Maps and plans

Ordnance Survey

The majority of the maps held at the Cornish Studies Library (CSL) were produced by Ordnance Survey (OS). The origins of the Ordnance Survey date back to the mid 18th century. While surveyors started work in Cornwall just after the turn of the 19th century (1803-1811), it was 1813 before maps were finally published for the whole county (at a scale of 1 inch to 1mile or 1:63,360). A copy of what is thought to be an 1820 impression of these maps is held at the CSL.

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Larger scale maps were produced later. South East Cornwall was surveyed around 1860 at 25 inch to 1 mile (approximately 1:2,500) with the remainder of Cornwall being surveyed and published around 1880. At this time 6 inch to 1 mile sheets were also published for the whole county and 1:500 scale (very detailed maps) were developed for principal town centres. With a few exceptions, copies of all these maps are available either in paper or microfilm formats and they are commonly known as the First Edition County Series maps. These maps were revised by a further survey of the county around 1907 and again, although only partially, in the 1930s.

After the Second World War the National Grid system was introduced. Most of East Cornwall was surveyed in the early 1950s and surveys of the rest of the county were carried out between 1962 and 1981. Maps for the whole of Cornwall have been published from these surveys at scales of 1:10,000 and 1:2,500. Maps of the principal town centres have been published at a scale of 1:1250. As with the earlier County Series maps, the CSL has near complete coverage.

There are also many maps of various dates at smaller scales up to and including the OS' latest releases. There are also oddments among the collection, for example, maps that have been annotated by planners, which can provide useful information about urban development.

Tithe payments (traditionally one tenth of a farmer's produce given to support the church) had been around for centuries, but by the early 19th century were in such a state of confusion that parliament passed the 1836 Tithe Commutation Act in an effort to standardise the payment of tithes across the country. The Act replaced the traditional payment of goods for a financial levy to be set in proportion to the annual price of wheat, barley and oats. To achieve this it set out procedures whereby a map would be produced for a tithe district (almost always a parish) with an accompanying apportionment (survey) detailing the amount of tithe payable for each parcel of land.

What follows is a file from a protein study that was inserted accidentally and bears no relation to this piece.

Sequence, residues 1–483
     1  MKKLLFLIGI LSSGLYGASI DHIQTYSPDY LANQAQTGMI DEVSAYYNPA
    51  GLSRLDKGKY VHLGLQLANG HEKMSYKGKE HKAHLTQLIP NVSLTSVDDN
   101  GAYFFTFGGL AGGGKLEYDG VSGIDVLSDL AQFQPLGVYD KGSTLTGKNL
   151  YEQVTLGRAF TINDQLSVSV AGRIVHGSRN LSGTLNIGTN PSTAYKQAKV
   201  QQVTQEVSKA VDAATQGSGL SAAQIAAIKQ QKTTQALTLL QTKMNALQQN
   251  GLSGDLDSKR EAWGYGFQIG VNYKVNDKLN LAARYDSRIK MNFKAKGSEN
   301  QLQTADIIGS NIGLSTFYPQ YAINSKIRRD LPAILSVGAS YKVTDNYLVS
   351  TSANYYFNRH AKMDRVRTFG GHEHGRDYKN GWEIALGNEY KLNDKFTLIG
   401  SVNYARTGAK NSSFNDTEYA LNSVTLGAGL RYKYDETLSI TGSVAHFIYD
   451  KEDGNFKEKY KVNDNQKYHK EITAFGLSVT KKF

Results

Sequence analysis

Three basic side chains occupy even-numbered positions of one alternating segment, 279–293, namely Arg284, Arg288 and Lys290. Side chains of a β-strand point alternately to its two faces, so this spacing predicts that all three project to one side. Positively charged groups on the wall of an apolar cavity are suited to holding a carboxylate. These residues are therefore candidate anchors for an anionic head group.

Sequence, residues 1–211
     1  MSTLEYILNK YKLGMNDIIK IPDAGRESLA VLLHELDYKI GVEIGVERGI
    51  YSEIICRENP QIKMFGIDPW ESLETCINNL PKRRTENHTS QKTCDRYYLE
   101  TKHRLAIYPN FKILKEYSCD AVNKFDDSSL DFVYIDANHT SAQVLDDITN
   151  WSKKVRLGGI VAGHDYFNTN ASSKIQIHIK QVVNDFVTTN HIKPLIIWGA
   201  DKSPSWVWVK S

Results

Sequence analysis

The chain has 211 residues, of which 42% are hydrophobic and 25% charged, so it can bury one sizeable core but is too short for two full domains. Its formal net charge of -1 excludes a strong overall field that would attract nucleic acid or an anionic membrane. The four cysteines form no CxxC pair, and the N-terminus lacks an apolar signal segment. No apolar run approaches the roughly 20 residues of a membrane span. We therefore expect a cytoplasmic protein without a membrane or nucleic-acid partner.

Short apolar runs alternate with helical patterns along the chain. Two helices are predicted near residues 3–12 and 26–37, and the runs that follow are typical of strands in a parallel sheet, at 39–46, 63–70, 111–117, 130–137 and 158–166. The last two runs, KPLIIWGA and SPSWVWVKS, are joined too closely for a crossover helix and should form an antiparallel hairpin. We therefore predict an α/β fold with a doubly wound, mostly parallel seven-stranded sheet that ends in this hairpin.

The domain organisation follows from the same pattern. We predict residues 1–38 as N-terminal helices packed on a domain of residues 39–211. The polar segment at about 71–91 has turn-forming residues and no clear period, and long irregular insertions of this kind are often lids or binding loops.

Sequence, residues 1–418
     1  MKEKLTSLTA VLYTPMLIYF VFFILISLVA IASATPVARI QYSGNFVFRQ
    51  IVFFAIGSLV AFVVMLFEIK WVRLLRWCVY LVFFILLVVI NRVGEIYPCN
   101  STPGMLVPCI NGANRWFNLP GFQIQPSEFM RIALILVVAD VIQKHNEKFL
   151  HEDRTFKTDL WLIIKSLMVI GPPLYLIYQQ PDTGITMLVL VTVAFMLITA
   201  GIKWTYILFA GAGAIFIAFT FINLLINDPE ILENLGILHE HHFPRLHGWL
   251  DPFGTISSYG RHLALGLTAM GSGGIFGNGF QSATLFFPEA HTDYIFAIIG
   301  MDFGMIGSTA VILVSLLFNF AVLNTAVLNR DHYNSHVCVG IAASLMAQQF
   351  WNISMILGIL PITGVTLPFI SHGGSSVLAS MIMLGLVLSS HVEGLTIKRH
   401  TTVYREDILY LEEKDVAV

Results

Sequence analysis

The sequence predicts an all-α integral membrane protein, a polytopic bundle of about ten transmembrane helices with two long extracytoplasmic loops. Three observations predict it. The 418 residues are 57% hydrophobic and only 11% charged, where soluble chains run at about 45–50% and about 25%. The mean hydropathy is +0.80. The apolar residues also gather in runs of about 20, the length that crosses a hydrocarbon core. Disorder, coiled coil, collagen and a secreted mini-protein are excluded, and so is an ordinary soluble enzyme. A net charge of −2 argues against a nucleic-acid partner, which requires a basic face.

In Cornwall most of these maps and apportionments were produced around 1840. The scales of the maps vary but are detailed enough to show individual buildings and can be cross referenced with the apportionment to discover details such as land ownership, land use, field names and so on. They are particularly useful for property history.

The CSL holds copies of tithe plans and apportionments for most of Cornwall's parishes; these are on microfiche but are variable in quality and the amount of detail shown. The originals, and digital copies, are held at Cornwall Record Office and digital copies can be purchased from there as well.

During the 19th century many maps were produced to aid the mining industry. Typically they show locations of shafts and the strike (direction) of lodes and cross courses at a particular depth. Paper copies are held for most of the principal mining districts of the county and, as they were usually based on the tithe survey information (but with additions), can be used in conjunction with the tithe plans and other surveys for purposes other than mining research. Cornwall Record Office also holds a large collection of mine maps and plans. 

There are many other maps and charts held at the CSL which were produced for specific purposes such as geology maps and land use and classification maps. We also hold shopping centre plans (Goad/Experian) from the 1970s onwards and a collection of historical and modern hydrographical (Admiralty) charts.